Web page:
Navigation Menu+


Posted on Nov 14, 2018 by

The clever people at Barnaby’s Bistro in Padstow have revamped their menu, which now focusses on small plates, and larger plates to share, similar to their sister restaurant Prawn on the Lawn.

With food cooked in and on the wood fired oven, Barnaby’s uses ingredients as local to Padstow as possible, and dishes have a strong middle eastern influence. Just reading the menu will cause tummies to rumble; flavour combinations are bold and innovative. For those who don’t know their za’atar from their zhoug, there’s a handy glossary on the back of the menu, explaining the more unusual spices and ingredients. It’s worth noting that there is a good choices of dishes for vegetarians too.

Barnaby’s is a small and cosy restaurant on Duke Street. Equally suited to a romantic evening for two, as a fun night out with a bunch of friends, the atmosphere is warm and relaxed, and the staff are super-helpful.

Barnaby’s kindly invited us to try out the new look menu, which seemed the perfect way to spend a cold, wet November evening…

First to arrive was the sweet and earthy beetroot dip, which was topped with feta and spring onions, and served with paper-thin za’atar topped crisp breads.

We could have eaten a bucket of the mojo rojo chicken croquettes. So savoury and moreish, the succulent chicken inside the croquettes contrasted with the crunchy breadcrumb coating and little pieces of crispy chicken skin. They sat upon a spoonful of delicious roast chicken mayo.

Jim had to order the Big Jim chillies, for their name alone. These large smoky-flavoured chillies were stuffed with gently spiced lamb mince and served with saffron yogurt.

I love kalettes, and these were grown just up the road at Padstow Kitchen Garden. In this dish, the kalettes were cooked with garlic and shallots, and dressed with agridulce, a bittersweet vinegar, which added so much depth to the flavour.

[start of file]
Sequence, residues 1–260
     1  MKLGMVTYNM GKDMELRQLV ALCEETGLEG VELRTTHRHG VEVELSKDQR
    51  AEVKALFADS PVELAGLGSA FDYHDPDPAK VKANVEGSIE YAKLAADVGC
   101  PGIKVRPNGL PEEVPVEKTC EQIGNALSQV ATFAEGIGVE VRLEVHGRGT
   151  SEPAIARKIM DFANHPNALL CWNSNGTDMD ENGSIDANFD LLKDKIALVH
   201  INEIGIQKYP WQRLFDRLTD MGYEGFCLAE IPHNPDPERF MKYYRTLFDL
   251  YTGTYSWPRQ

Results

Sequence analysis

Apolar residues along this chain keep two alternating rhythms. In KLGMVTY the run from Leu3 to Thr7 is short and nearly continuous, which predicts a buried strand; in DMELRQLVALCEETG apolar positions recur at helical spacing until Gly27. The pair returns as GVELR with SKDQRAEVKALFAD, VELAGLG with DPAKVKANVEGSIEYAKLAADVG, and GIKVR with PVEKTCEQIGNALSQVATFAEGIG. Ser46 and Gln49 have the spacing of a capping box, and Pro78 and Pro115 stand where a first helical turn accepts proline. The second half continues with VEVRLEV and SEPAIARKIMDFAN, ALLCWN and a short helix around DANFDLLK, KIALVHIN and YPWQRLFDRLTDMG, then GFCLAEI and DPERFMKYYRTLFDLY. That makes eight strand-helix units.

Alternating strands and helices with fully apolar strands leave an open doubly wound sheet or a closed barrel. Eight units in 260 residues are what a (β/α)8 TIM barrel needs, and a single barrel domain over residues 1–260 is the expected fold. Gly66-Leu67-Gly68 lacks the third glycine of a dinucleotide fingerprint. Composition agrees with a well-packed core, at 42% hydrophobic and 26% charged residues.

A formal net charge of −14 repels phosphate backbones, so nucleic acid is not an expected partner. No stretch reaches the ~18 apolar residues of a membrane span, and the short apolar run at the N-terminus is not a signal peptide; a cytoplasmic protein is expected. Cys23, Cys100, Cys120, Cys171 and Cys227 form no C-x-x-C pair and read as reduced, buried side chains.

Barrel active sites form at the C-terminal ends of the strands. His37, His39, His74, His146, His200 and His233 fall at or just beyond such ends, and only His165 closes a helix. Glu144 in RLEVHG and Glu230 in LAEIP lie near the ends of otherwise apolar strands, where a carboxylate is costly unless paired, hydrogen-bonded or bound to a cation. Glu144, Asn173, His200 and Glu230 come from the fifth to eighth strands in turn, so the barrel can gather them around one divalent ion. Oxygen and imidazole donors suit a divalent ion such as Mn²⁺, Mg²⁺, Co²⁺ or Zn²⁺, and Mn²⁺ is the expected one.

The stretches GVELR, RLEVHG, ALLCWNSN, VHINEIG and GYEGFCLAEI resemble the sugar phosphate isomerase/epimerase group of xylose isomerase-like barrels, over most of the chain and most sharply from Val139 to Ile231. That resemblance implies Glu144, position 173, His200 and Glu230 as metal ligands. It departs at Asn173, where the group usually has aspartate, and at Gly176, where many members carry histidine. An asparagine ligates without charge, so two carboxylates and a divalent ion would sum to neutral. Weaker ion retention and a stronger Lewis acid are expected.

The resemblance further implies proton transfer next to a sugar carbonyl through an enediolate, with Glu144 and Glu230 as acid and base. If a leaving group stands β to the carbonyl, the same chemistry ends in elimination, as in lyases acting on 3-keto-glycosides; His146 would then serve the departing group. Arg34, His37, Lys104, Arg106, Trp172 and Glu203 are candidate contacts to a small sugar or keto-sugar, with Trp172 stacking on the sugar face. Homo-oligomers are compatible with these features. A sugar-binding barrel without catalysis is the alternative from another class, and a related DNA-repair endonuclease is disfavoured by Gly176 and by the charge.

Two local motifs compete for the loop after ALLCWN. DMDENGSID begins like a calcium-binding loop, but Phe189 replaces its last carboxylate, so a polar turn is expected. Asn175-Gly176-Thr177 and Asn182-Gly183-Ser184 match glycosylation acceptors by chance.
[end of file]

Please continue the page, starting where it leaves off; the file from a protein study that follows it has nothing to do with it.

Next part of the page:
The next dish reminded us of holidays in San Sebastian. Succulent king oyster mushroom were drizzled with truffle oil and covered with a heap of shoestring fries. On top sat a confit egg yolk which, once popped, provided a rich sauce to dip the chips into.

The squid was packed with flavour. Chargrilled to perfection, and crispy yet juicy, it was mixed with roasted tomatoes, pistachios and zhoug, a chilli sauce from Yemen, made with coriander, garlic, green chilli and cardamom seeds.

This cherry cheesecake was exceptionally good. The flavours were enhanced by the gentle warmth of sumac, and the crunch of toasted almonds made for the perfect mouthful.

Last but not least, was this delicious chocolate and walnut tart. Not too dark, yet not too sweet, this rich dessert was lightened by the addition of roasted figs and dollop of crème fraîche.

We enjoyed each and every dish; everything we tried was well-flavoured and well-cooked, and it was clear that only top-notch ingredients are used at Barnaby’s. Service was impeccable; the restaurant is comfortable.

Dishes range in price, with starters priced between £4 and £6, sides at £4, small plates between £8.50 and £12.50, and desserts £3.50 to £9.50. Larger sharing plates vary; for example the whole plaice with chicken stock and leeks (2-3 people) is £32, T-bone steak with mojo rojo and mojo verde (2 people) is £50, and the whole seabass with smoked harissa butter (for 4) is £70.

To see the full menu, or to book a table, please visit

Barnaby’s Bistro, 22A Duke Street, Padstow, Cornwall, PL28 8AB.

Disclaimer: We were guests of Barnaby’s. Thank you to Rick and Katie Toogood for treating us to supper, and to Harriet, Craig and team for looking after us so well on the night.

All photos copyright Jim Michell, Barefoot Media.

Want to read more? Check out our guide to the Best Restaurants in Padstow.


Submit a Comment

Your email address will not be published. Required fields are marked *

This site uses Akismet to reduce spam. Learn how your comment data is processed.